Category Archives: depression
The twins are really growing and developing now. At 14 months, they don’t walk or say any words or even have much in the way of language/communication skills at all. In fact, we will be having developmental therapy 2 hours a week beginning this week to help them catch up.
But they crawl faster than I can run and smile and giggle and laugh and hug each other and eat enormous amounts of food. We are mostly in a sweet spot right now, where they can play and entertain each other for as much as an hour at a time. They take two decent naps a day and sleep all night, rarely waking up. They love their mama and dada very much and are healthy, happy boys.
The stress never ends of course. As one thing gets easier another gets harder, but I have more hopeful days than not, and that’s a huge relief to me.
I stopped writing regularly here when I was going through a very difficult weaning process with them. It was absolutely heartbreaking for me and I was very depressed about it. I know that most people just don’t understand the depth of despair it caused me and it was hard to even write about it. I’m a little further removed from the whole thing now and while I’m still really sad and disappointed over what I continue to see as an absolute failure on my body’s part to adequately nourish my children, I’m feeling twinges more than stabbing pains now.
I hope I’ll have the self-discipline to write regularly now. I’ve convinced myself that I don’t need to have a long, soul-baring post every time. One of my favorite bloggers, eckids, posts nearly every day, with mostly short but interesting notes, ideas and musings. I’d love to follow her lead.
That’s my story and I’m stickin’ to it.
Linking up with Just Write
The babies wake up happy, as usual. We nurse and smile and talk to Daddy and the dogs. Diapers are changed, laundry is started, the Today show keeps me company in the background. I’m hungry and cross my fingers, hoping they’ll stay happy long enough for me to scramble an egg.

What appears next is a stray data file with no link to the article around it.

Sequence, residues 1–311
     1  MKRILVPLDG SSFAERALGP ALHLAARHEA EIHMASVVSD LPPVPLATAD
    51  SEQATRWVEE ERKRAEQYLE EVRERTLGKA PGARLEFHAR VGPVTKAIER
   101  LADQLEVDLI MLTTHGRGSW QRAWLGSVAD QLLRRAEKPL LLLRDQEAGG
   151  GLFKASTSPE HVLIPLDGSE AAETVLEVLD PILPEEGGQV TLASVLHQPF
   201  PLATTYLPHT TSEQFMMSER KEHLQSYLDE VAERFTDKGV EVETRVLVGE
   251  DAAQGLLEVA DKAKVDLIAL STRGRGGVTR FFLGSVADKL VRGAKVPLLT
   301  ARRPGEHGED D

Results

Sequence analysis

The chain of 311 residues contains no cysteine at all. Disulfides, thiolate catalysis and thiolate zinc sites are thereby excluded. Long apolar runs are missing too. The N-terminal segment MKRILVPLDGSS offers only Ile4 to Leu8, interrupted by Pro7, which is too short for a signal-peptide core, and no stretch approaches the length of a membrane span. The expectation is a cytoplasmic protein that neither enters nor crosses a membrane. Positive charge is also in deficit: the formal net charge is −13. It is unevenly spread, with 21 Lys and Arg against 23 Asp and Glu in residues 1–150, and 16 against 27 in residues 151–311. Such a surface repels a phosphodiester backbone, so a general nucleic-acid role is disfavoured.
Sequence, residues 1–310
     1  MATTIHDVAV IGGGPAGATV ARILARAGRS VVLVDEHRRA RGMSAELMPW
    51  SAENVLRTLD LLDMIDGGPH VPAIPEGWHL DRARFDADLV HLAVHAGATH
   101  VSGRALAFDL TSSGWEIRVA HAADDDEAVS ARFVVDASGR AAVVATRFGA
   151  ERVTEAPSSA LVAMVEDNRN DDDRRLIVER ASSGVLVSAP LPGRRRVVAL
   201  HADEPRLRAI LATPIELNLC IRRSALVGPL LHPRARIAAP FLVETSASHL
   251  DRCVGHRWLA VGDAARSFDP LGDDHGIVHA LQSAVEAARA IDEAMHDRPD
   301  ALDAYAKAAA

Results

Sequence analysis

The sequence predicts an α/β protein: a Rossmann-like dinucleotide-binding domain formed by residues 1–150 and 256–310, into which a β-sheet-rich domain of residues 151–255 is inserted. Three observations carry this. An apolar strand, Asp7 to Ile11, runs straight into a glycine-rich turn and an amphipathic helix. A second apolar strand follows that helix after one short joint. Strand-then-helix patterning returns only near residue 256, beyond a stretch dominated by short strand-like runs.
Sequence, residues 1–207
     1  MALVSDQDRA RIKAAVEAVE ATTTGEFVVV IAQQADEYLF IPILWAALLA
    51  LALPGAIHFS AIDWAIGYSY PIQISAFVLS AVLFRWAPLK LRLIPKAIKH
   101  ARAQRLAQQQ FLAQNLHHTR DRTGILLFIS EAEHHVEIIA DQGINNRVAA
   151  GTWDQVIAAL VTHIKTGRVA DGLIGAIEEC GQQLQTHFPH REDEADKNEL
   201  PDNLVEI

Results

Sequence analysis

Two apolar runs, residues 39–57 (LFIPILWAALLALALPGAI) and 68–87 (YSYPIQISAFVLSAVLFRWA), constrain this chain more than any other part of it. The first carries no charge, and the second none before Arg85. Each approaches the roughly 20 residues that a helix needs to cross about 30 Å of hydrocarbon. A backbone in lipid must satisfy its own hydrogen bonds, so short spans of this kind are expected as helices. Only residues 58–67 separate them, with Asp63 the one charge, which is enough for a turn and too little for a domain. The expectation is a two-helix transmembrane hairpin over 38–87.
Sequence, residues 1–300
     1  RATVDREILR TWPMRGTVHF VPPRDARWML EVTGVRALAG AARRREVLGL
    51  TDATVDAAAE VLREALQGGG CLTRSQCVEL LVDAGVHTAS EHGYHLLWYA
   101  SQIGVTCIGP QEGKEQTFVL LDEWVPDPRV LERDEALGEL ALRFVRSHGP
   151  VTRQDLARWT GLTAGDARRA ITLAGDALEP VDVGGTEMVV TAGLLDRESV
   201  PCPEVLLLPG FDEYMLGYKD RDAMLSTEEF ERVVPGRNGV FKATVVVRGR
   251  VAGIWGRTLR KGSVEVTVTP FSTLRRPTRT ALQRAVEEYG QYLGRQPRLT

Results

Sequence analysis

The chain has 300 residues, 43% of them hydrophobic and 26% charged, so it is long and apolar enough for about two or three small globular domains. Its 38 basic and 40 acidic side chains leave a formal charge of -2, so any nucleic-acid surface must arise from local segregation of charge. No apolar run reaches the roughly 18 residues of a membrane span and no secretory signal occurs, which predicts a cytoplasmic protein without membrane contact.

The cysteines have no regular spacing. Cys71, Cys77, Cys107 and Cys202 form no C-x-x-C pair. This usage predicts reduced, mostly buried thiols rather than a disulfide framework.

They don’t, and I have to turn off the stove halfway through the process. Peanut Butter is extra hungry and Jelly isn’t far behind. I don’t want to start the day with formula. I won’t start the day with formula. We’ll nurse every 30 minutes if we need to. I’ll put off giving them formula until at least noon. I am determined.
But so are they. I give in and decide that 2 ounces will be enough to take off the edge and we will resume our nursing non-schedule. Jelly is happy enough and plays with his toes. Peanut Butter is not. He is still hungry, so I pick him up and nuzzle him into my breast. He screams and arches his back, over and over. I prop him on my shoulder and pat his back, trying to whisper calming and encouraging things to him. I try again, he screams louder. I am struggling to hold in my growing anger.
Maybe he’s not hungry. Maybe he needs to be distracted by a toy. This doesn’t work and he continues to scream. We try the breast again and the rejection is tearing at my heart. I sob and shout out and pound on the arm of the couch. There is milk there! Why won’t you take it! Why are you rejecting me?
This is the only thing I can give you that is truly unique. Anyone can bathe you. Anyone can hold you. Anyone and smile at you and play with you. Anyone can give you a bottle with that wretched liquid in it. Your rejection feels so personal and it fills me with an irrational rage. I’m angry with my body, and myself and even you. I’m angry at myself for being angry with you. You’re an infant, telling me what you need in the only way you know how.
But every drop you take from that bottle is a drop you don’t take from me. Every drop is a reminder of my failure to provide for you. If I can’t take care of you in this most basic way, how will I be able to be a good mother to you in the rest of your life? These thoughts are ridiculous, I know. But they are so big and so real and sometimes, often even, I want to just give up. I want to crawl into bed, pull the covers over my head and leave the rearing of you both to someone who can do a better job.